Servane Bigot, Julie Buges, Lauriane Gilly, Cécile Jacques, Pauline Le Boulch, Marie Berger, Pauline Delcros, Jean-Baptiste Domergue, Astrid Koehl, Béra Ley-Ngardigal, Loup Tran Van Canh, Ivan Couée
Climate change reshapes the physiology and development of organisms through phenotypic plasticity, epigenetic modifications and genetic adaptation. Under evolutionary pressures of the sessile lifestyle, plants possess efficient systems of phenotypic plasticity and acclimation to environmental conditions. Molecular analysis, especially through omics approaches, of these primary lines of environmental adjustment in the context of climate change has revealed the underlying biochemical and physiological mechanisms, thus characterising the links between phenotypic plasticity and climate change responses...
August 29, 2018: Global Change Biology
Shalik Ram Sigdel, Yafeng Wang, J Julio Camarero, Haifeng Zhu, Eryuan Liang, Josep Peñuelas
Among forest ecosystems, the alpine treeline ecotone can be considered to be a simplified model to study global ecology and climate change. Alpine treelines are expected to shift upwards in response to global warming given that tree recruitment and growth are assumed to be mainly limited by low temperatures. However, little is known whether precipitation and temperature interact to drive long-term Himalayan treeline dynamics. Tree growth is affected by spring rainfall in the central Himalayan treelines, being good locations for testing if, in addition to temperature, precipitation mediates treeline dynamics...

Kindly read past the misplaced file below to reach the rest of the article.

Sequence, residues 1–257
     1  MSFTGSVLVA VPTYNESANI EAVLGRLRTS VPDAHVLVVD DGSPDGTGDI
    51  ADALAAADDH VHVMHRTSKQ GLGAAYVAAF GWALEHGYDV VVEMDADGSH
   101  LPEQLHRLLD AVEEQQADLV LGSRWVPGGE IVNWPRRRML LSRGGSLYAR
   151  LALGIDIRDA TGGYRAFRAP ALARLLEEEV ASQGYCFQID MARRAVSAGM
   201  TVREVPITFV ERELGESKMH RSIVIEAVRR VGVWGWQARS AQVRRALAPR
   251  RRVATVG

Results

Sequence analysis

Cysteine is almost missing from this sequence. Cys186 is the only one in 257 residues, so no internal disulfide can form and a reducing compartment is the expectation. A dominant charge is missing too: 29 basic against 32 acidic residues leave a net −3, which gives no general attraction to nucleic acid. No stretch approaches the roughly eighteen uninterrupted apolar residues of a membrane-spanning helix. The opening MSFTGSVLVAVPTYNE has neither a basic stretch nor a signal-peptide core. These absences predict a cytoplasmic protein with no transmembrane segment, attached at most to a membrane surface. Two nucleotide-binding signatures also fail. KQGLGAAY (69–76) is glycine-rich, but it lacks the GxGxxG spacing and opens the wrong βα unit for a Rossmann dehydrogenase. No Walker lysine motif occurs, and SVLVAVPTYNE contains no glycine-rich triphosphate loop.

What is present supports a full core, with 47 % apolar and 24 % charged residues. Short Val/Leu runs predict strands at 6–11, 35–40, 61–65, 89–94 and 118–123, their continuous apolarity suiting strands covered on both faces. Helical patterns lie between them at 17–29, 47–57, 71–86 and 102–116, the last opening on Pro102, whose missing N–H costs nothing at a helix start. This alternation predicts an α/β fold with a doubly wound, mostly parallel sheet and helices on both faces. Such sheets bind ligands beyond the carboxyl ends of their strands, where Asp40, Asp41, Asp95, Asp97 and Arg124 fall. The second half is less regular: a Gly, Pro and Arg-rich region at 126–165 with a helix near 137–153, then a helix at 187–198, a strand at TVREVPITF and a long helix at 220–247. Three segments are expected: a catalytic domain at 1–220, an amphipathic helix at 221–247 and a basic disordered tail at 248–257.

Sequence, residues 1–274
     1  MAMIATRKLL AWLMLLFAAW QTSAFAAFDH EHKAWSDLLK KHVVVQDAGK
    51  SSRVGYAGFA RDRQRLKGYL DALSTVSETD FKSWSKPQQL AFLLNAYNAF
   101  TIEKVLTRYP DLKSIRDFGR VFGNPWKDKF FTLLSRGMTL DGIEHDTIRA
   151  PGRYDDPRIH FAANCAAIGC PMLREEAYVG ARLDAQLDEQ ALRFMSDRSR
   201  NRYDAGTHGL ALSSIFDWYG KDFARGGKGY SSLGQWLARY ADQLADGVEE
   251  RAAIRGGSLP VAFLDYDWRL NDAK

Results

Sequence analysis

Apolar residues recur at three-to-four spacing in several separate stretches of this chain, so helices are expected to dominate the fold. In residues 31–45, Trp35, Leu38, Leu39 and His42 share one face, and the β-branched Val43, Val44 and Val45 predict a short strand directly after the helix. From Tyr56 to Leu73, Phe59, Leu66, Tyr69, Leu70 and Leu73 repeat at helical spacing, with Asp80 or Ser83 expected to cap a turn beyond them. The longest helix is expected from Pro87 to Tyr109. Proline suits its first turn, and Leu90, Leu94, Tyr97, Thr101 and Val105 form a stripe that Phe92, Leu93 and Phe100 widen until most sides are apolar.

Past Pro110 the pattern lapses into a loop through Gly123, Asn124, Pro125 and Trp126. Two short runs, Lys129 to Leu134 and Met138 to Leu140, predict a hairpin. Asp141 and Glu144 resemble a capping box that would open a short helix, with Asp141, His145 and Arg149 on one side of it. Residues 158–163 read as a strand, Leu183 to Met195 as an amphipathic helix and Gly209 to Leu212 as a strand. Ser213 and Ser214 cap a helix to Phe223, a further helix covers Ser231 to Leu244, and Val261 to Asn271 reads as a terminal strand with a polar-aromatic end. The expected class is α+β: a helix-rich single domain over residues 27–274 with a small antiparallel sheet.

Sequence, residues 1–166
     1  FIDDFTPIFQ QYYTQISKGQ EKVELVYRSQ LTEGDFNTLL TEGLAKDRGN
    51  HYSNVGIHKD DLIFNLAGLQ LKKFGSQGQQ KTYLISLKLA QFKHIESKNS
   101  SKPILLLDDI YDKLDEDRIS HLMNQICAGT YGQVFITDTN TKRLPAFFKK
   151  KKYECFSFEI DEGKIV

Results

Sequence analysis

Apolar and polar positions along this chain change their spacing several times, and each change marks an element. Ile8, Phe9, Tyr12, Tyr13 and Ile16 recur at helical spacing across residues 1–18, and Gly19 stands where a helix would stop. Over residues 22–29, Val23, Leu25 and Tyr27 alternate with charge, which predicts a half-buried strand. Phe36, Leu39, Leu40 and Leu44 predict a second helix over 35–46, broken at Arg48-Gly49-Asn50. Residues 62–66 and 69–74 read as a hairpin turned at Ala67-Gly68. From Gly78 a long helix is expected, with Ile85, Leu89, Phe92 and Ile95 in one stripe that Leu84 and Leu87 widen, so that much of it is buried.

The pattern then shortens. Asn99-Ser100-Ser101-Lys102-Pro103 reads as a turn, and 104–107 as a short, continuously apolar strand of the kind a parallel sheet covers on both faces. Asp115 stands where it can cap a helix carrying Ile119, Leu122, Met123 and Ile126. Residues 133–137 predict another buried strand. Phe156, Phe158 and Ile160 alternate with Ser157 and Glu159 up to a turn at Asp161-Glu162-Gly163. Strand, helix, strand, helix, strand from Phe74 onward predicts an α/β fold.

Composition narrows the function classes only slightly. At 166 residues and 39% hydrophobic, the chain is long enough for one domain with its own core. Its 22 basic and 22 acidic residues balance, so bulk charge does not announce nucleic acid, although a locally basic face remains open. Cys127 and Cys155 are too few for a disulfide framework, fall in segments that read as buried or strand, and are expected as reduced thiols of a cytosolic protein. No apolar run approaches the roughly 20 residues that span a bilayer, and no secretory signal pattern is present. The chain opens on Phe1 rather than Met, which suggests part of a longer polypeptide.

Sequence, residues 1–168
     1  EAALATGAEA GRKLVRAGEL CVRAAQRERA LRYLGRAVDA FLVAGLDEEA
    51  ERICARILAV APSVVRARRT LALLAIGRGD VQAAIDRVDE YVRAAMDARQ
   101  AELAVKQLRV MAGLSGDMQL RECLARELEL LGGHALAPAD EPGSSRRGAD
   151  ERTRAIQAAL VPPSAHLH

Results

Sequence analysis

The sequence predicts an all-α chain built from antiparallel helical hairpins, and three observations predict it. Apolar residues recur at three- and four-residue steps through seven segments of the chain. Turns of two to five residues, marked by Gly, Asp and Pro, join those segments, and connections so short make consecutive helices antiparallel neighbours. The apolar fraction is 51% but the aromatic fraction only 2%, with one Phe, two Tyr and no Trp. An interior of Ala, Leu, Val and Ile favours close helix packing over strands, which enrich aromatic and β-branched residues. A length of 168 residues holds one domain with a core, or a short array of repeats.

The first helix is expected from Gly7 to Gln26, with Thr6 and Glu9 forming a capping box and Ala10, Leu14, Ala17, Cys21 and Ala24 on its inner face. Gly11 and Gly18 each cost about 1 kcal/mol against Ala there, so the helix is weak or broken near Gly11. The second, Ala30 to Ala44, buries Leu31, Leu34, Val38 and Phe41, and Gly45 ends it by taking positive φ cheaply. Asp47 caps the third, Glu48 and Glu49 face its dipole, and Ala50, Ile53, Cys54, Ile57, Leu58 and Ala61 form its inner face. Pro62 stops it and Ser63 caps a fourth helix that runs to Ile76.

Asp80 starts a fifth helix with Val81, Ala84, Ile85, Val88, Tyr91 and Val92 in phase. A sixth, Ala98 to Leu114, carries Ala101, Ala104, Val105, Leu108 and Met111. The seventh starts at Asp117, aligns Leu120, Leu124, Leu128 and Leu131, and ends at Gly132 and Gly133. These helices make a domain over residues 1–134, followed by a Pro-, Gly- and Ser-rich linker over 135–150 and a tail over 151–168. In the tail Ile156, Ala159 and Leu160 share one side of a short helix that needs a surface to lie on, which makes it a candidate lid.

August 28, 2018: Global Change Biology
N A Kornder, B M Riegl, J Figueiredo
Increased temperature and CO2 -levels are considered key drivers of coral reef degradation. However, individual assessments of ecological responses (calcification) to these stressors are often contradicting. To detect underlying drivers of heterogeneity in coral calcification responses, we developed a procedure for the inclusion of stress-effect relationships in ecological meta-analyses. We applied this technique to a dataset of 294 empirical observations from 62 peer-reviewed publications testing individual and combined effects of elevated temperature and pCO2 on coral calcification...
August 27, 2018: Global Change Biology
Heida L Diefenderfer, Valerie I Cullinan, Amy B Borde, Cailene M Gunn, Ronald M Thom
The physical controlling factors on coastal plant communities are among the most dynamic of known ecosystems, but climate change alters coastal surface and subsurface hydrologic regimes, which makes rapid measurement of greenhouse gas fluxes critical. Greenhouse gas exchange rates in these terrestrial-aquatic ecosystems are highly variable worldwide with climate, soil type, plant community, and weather. Therefore, increasing data collection and availability should be a priority. Here, we demonstrate and validate physical and analytical modifications to automated soil-flux chamber measurement methods for unattended use in tidally driven wetlands, allowing the high-frequency capture of storm surge and day/night dynamics...
August 27, 2018: Global Change Biology